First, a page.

Manganese starts to shine

Manganese(I) complexes with photophysical and photochemical properties reminiscent of those known from ruthenium(II) and iridium(III) compounds have been discovered.
Published in Chemistry
Manganese starts to shine

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Luminescent metal complexes are most directly useable in light-emitting devices, but the occurrence of luminescence typically means that a metal complex has an excited state that is exploitable for other practical applications as well. For example, that excited state could facilitate chemical reactions, or it could trigger elementary processes in solar cells. There are many different types of excited states, and not all of them behave equally. In metal complexes, especially useful excited states result from the transition of an electron from the metal to its coordinated ligands, and those states are called metal-to-ligand charge transfer (MLCT) excited states. Luminescent MLCT states are fairly common among platinum group metals, for example for ruthenium(II) or iridium(III) compounds. Their d6 valence electron configuration is important to make sure that an MLCT is the lowest excited state, and not some other, non-luminescent state. Because ruthenium and iridium are very precious and rare, it would be attractive to obtain luminescent MLCT states with iron(II) complexes, which have an analogous d6 electron configuration. Researchers have tried to accomplish this for several decades, but these attempts failed until now1.

Manganese instead of iron

We did not see how we would be able to solve a problem that other, more experienced scientists had not been able to master during the past twenty years. We did not even try. Instead, we focused on manganese(I), which is isoelectronic to iron(II), and for which we saw the chance of obtaining an MLCT state that could be exploitable for light-emitting devices, catalysis and solar cells. Manganese is 900,000 times more abundant in Earth’s crust than iridium, far cheaper, and not toxic in many forms2.

Choosing the right ligands

The lower oxidation state of manganese (I) compared to iron(II) calls for a radically different ligand design, off the well-beaten paths of polypyridines and carbenes. Early work by two giants of inorganic chemistry and photochemistry, Harry B. Gray and George S. Hammond, demonstrated that isocyanide ligands give access to manganese(I) complexes with interesting photophysical properties though they did not report luminescent MLCT states3. Forty years later, Laura A. Büldt in our group obtained a luminescent MLCT state in a molybdenum(0) complex, using a special type of newly designed isocyanide ligand4. The key was to make the ligands bidentate, such that they can hold the metal like the claw of a lobster, and at the same time to make the ligands relatively stiff, such that they cannot vibrate too much.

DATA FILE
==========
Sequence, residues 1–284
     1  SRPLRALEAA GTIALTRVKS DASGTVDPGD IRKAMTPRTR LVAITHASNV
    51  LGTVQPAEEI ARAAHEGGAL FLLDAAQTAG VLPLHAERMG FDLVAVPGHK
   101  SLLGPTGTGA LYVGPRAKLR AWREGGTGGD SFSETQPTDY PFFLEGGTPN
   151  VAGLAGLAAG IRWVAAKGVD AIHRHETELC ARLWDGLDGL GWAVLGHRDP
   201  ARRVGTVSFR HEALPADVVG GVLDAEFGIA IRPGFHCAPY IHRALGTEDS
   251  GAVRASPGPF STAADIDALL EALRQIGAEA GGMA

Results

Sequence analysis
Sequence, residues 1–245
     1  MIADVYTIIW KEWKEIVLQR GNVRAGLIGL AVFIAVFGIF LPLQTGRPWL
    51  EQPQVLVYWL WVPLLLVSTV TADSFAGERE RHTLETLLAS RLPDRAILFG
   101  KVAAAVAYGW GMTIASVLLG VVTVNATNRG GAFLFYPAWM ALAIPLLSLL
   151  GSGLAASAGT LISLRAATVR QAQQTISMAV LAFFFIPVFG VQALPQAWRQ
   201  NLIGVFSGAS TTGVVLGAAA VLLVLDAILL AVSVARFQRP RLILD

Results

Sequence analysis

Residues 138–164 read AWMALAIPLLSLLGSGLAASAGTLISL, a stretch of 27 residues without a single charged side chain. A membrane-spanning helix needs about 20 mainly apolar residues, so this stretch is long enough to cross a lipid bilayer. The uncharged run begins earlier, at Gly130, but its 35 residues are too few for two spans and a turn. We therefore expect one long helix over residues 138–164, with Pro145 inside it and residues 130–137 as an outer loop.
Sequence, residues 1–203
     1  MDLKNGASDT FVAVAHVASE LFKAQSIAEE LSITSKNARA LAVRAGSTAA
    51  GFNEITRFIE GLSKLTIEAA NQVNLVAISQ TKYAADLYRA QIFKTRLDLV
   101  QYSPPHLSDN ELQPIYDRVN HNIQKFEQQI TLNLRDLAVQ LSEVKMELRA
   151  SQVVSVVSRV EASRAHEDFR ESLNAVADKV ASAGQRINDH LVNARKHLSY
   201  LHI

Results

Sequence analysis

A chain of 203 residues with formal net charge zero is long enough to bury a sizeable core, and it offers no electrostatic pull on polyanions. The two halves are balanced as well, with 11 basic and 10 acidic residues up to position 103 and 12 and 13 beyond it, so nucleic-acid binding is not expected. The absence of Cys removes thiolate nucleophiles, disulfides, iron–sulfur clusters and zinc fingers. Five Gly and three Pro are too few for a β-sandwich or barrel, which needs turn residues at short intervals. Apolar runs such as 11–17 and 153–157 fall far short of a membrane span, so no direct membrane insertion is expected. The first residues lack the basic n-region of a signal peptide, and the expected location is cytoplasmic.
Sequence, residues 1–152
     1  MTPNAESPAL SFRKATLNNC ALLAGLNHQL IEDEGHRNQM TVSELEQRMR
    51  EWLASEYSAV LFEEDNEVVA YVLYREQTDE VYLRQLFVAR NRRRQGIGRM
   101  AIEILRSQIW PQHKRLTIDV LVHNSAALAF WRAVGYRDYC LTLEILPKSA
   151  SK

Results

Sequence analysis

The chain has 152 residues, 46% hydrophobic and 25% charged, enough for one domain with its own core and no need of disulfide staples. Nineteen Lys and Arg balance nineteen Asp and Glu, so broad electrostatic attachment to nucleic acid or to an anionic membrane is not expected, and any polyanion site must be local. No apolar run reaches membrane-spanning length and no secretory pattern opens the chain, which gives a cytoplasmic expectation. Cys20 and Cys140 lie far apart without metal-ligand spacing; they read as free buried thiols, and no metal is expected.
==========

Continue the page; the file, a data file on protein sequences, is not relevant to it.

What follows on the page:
Team manganese

Patrick Herr spent four years of his Ph. D. life trying to make manganese(I) isocyanide complexes glow. Along with postdoc Christopher B. Larsen, he quickly discovered that the basic project idea, now relying on bidentate and tridentate isocyanide ligands (see Figure above), works. In the second phase of the endeavor, postdoc Christoph Kerzig gave much valuable input and Professor Daniel Häussinger was delighted to perform NMR experiments on a metal nucleus that was new to him. Teamwork was pivotal for the overall success; each of the involved individuals alone would not have gotten very far in this project.

The outcome, the future

Our work demonstrates that manganese(I) complexes with isocyanide chelate ligands have luminescent MLCT excited states with very similar photochemical behavior as well-known ruthenium(II) and iridium(III) complexes. We see this as an important fundamental discovery. At the same time, it is obvious that manganese cannot immediately replace precious metals in photophysical and photochemical applications. Very likely, it will never be able to do so fully, though research on photoactive complexes with Earth-abundant metals holds great promise for the future. Currently, several very talented Ph. D. students and postdocs in our group work on the next generation of designer luminophores and photocatalysts made from first-row transition metals.


  1. McCusker, J. K. Electronic structure in the transition metal block and its implications for light harvesting. Science 363, 484-488 (2019).
  2. Holleman, A. F. & Wiberg, N. Lehrbuch der Anorganischen Chemie. 102th edn,  (Walter de Gruyter, 2007).
  3. Mann, K. R. et al. Electronic structures and spectra of hexakisphenylisocyanide complexes of Cr0, Mo0, W0, MnI, and MnII. Inorg. Chim. Acta 16, 97-101 (1976).
  4. Büldt, L. A., Guo, X., Prescimone, A. & Wenger, O. S. A Molybdenum(0) Isocyanide Analogue of Ru(2,2'-Bipyridine)32+: A Strong Reductant for Photoredox Catalysis. Angew. Chem. Int. Ed. 55, 11247-11250 (2016).

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